Examples of comparable 90° pivots by political parties on international relations are rare but students of American history know of one that is positively eerie. Before the Soviet Union and Nazi Germany signed the Molotov-Ribbentrop Pact in August 23, 1939, the American Communist Party led by its presidential candidate Earl Browder had insisted that such a treaty was impossible. After it was signed Browder and his supporters insisted that the treaty was necessary. Communist Party membership swelled during the Great Depression but largely evaporated after 1939 because ordinary members couldn’t stomach the cynical new foreign policy dictated by Moscow. Which makes you wonder how old school anti-communist Republicans keep from abandoning their party given the distinct possibility that Donald Trump is taking his marching orders from Moscow.
Many diehard supporters of Bernie Sanders, embittered at losing the Democratic Party nomination because the party establishment had its thumb on the scales, insist that Russian intelligence agents did not hack the Democratic National Committee. Mention is never made that major figures in the Republican Party were hacked, perhaps because that offers no foundation expressing their undying hatred of Hillary Clinton. What matters to them is that Hillary Clinton lost the general election and that they believe Bernie Sanders would have won. To admit that her campaign was the target of covert action by a rival great power would take the focus away from her wrongdoing in the primary elections. Some of the diehards go even farther and celebrate the victory of Donald Trump as that of another, if inferior, anti-globalist.
Public verification by the Central Intelligence Agency and other intelligence agencies that Russian agents engaged in hacking is dismissed by diehard supporters of Bernie Sanders as a fabrication, an evasion of responsibility by Hillary Clinton for losing the general election or an attempt by Barack Obama to ignite another Cold War. What is this absolute conviction based upon? The most common answer given is that the Central Intelligence Agency supported the claims made by the George W. Bush administration that Saddam Hussein’s Iraq possessed weapons of mass destruction. If the agency lied once, so goes the reasoning, then it can never be trusted to tell the truth. Perhaps nagged by the possibility that the KGB might actually be responsible, some diehards have also claimed an improbable level of expertise in information technology.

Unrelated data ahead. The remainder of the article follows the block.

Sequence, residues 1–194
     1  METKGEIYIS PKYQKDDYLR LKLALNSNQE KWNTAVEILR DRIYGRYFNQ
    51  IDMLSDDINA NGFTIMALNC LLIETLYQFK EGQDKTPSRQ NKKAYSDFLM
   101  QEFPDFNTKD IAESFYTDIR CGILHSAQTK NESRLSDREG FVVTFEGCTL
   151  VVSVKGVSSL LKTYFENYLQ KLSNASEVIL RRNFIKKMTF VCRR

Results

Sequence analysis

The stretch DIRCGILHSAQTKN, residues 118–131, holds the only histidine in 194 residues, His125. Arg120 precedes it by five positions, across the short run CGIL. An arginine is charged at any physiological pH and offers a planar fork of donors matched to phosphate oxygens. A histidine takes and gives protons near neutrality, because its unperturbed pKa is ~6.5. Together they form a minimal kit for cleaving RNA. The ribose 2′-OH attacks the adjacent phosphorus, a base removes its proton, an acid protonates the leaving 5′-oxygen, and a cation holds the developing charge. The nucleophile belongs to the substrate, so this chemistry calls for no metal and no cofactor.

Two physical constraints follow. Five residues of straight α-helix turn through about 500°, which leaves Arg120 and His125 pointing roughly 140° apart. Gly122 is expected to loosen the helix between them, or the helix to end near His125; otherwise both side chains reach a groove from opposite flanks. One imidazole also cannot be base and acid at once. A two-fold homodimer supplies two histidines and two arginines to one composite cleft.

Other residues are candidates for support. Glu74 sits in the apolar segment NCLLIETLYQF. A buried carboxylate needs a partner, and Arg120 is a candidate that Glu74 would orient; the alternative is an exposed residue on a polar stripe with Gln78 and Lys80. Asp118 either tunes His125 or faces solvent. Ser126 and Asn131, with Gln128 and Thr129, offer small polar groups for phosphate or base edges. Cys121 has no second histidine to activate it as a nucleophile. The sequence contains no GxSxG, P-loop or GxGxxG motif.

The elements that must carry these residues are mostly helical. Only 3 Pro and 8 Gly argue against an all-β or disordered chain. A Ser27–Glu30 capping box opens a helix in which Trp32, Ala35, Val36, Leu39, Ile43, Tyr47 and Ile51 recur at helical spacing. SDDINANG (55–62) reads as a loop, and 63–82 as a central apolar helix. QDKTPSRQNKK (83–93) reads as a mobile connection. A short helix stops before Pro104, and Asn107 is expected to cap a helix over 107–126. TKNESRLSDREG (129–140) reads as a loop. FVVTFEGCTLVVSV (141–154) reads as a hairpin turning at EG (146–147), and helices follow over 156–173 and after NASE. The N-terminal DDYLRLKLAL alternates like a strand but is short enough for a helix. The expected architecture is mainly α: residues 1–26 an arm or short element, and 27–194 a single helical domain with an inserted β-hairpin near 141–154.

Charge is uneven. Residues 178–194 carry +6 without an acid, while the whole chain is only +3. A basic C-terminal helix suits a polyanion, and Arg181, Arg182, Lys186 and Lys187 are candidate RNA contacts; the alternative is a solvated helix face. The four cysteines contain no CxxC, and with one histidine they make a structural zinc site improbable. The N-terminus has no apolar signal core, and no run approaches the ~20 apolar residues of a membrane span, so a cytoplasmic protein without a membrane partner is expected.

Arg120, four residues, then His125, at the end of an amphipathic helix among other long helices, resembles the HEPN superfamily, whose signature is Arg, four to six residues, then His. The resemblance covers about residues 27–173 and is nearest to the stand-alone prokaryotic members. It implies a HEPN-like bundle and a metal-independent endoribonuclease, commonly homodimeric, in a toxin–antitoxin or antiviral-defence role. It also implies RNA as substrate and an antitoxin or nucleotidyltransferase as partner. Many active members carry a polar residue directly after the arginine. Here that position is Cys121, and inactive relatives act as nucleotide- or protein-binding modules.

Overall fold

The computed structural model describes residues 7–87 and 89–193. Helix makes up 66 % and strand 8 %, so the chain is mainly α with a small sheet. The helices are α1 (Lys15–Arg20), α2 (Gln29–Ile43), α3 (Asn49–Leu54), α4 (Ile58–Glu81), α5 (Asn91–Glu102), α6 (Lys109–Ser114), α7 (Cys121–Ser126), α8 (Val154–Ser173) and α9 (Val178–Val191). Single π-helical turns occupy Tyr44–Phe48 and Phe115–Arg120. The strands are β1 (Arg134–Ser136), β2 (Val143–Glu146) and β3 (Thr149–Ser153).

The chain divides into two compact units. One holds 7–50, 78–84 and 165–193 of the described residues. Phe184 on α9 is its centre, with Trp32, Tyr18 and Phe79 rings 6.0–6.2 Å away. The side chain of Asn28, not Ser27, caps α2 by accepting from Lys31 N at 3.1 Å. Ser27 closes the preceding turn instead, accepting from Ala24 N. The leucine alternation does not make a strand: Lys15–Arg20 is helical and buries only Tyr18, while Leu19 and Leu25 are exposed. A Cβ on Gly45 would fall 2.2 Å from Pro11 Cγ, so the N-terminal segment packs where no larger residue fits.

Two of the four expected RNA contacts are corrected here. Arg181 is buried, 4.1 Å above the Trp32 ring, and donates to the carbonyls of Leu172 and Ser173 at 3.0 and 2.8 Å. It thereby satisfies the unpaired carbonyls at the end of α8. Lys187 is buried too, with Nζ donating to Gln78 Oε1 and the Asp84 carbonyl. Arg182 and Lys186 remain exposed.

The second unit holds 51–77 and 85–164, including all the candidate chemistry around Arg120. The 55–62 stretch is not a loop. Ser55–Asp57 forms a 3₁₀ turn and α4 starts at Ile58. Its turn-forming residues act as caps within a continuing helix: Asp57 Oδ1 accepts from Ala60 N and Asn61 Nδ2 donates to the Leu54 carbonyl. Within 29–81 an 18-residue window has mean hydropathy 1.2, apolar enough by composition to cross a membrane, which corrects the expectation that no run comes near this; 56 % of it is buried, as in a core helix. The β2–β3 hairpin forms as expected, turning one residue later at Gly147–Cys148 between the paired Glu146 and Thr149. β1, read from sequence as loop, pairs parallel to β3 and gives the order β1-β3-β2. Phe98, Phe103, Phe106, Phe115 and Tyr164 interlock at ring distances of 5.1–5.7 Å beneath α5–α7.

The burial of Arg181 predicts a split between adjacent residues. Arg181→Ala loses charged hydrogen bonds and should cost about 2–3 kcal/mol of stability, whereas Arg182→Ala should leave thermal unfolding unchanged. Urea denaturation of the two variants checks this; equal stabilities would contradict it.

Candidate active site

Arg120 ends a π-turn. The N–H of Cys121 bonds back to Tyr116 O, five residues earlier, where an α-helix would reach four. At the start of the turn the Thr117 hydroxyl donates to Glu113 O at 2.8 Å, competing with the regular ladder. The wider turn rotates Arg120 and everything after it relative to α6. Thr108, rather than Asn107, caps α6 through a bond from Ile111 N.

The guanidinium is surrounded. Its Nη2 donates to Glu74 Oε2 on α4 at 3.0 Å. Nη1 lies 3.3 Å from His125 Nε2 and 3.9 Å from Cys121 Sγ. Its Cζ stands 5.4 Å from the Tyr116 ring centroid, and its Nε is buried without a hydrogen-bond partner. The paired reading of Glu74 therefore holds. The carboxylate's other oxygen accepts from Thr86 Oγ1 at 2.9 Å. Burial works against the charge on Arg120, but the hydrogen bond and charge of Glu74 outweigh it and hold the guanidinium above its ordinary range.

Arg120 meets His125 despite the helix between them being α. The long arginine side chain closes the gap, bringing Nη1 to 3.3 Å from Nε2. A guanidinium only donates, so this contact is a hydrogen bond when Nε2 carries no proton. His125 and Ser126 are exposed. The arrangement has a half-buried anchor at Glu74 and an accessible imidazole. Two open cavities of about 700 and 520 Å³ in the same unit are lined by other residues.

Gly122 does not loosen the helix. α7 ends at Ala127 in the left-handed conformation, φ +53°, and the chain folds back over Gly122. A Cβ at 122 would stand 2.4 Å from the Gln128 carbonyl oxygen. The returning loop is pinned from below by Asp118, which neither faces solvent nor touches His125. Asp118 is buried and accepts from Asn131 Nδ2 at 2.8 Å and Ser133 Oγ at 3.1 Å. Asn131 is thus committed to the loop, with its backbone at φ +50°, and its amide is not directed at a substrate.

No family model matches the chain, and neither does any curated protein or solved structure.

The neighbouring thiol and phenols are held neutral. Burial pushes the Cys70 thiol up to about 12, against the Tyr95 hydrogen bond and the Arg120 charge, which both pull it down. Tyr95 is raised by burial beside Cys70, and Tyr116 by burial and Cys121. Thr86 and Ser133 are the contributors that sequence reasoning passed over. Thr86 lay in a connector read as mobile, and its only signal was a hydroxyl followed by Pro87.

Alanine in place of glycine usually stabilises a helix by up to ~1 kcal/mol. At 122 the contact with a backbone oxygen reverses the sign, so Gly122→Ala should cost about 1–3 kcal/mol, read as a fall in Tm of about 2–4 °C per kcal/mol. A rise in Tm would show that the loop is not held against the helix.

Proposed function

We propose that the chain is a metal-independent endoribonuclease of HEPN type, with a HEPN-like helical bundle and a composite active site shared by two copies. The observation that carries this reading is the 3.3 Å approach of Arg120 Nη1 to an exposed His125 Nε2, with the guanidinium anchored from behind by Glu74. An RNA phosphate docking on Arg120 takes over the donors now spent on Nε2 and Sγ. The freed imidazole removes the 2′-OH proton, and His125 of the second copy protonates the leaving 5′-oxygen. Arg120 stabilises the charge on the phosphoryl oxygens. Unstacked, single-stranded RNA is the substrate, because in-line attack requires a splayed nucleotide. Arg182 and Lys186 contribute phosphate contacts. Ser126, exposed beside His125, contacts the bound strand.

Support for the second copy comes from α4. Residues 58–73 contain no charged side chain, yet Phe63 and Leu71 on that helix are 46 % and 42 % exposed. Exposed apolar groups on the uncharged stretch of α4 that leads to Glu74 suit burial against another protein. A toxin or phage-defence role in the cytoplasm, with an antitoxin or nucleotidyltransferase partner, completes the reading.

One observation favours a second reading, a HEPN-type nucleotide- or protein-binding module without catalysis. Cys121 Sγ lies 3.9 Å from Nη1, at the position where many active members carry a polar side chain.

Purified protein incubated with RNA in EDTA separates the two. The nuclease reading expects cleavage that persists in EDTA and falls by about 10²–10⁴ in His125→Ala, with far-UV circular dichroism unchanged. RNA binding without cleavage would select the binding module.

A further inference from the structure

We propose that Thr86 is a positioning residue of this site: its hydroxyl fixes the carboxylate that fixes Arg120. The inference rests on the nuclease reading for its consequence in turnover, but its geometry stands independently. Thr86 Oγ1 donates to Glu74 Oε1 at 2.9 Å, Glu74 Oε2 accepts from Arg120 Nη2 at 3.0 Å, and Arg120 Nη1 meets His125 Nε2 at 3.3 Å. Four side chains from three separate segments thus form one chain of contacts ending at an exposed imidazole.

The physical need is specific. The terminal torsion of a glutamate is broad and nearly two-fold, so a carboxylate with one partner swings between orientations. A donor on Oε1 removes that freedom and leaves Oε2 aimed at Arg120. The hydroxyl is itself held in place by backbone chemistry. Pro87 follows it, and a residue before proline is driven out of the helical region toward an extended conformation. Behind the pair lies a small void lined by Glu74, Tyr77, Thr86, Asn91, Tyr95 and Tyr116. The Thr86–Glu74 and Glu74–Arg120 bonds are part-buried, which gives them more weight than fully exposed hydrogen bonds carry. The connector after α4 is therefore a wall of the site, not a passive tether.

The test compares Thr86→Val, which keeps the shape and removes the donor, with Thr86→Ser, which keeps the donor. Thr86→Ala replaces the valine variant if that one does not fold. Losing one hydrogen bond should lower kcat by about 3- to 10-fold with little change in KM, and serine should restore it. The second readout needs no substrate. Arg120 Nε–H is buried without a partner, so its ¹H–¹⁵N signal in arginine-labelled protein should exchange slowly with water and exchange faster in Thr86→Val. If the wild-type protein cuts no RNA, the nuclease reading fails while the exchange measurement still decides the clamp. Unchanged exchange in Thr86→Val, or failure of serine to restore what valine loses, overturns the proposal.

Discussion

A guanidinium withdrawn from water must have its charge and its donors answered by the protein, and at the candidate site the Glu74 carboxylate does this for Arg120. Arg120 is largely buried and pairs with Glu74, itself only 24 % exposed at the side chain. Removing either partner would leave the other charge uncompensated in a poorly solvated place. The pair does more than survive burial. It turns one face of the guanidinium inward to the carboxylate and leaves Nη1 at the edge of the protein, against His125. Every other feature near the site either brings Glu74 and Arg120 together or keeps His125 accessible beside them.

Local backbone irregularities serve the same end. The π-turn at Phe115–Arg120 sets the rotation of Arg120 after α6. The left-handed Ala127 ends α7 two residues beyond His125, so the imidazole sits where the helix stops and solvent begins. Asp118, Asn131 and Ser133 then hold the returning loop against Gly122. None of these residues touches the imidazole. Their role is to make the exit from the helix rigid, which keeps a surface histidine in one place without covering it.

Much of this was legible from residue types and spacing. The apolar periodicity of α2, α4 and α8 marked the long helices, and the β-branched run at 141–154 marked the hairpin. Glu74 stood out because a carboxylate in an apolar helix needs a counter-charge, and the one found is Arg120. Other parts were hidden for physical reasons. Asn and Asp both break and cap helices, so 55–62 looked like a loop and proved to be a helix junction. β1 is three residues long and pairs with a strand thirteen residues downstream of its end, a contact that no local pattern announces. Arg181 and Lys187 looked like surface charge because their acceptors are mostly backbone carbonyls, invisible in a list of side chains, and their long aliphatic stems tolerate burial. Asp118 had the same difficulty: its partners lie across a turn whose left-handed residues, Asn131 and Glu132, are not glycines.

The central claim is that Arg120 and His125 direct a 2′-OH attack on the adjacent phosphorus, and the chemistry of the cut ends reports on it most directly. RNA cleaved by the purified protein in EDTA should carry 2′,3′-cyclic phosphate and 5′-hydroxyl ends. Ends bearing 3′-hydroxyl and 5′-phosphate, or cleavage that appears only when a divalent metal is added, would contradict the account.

Ever alert to opportunities to exploit populist sentiment, Donald Trump chimed in with, “And if you look at the weapons of mass destruction, that was a disaster, and they were wrong.” He also claimed instant expertise in formation technology: “I know a lot about hacking. And hacking is a hard thing to prove.”
What diehard supporters of Bernie Sanders have succumbed to is the same “one historical analogy fits all” thinking that made Americans vulnerable to justification for the U.S. invasion of Iraq in 2003. Back then the historical analogy was the Munich Analogy. Saddam Hussein was cast as another Adolf Hitler and Iraq another Nazi Germany. The ‘CIA lied about WMD’ historical analogy is just as flawed. Whatever limited utility historical analogies offer for understanding international politics vanishes when they are used to ignore crucial information. Vehement denial of any possibility of Russian hacking delivers the diehards at the entrance to the conspiracist hall of mirrors. Once inside, anything may be believed or disbelieved, a disorientation likely to politically demobilize.
Patriotic Americans have reason to worry about the willingness of change blind partisans, motivated by electoral opportunism and familicidal resentment, to countenance the subversion of this country’s liberal democratic institutions. Whatever legitimacy the Donald Trump and his administration might have enjoyed is evaporating. What matters most now is the protecting our government from the agents of a rival great power who may control Donald Trump and other figures in his cabinet. Against such a threat to the United States, all else pales to insignificance.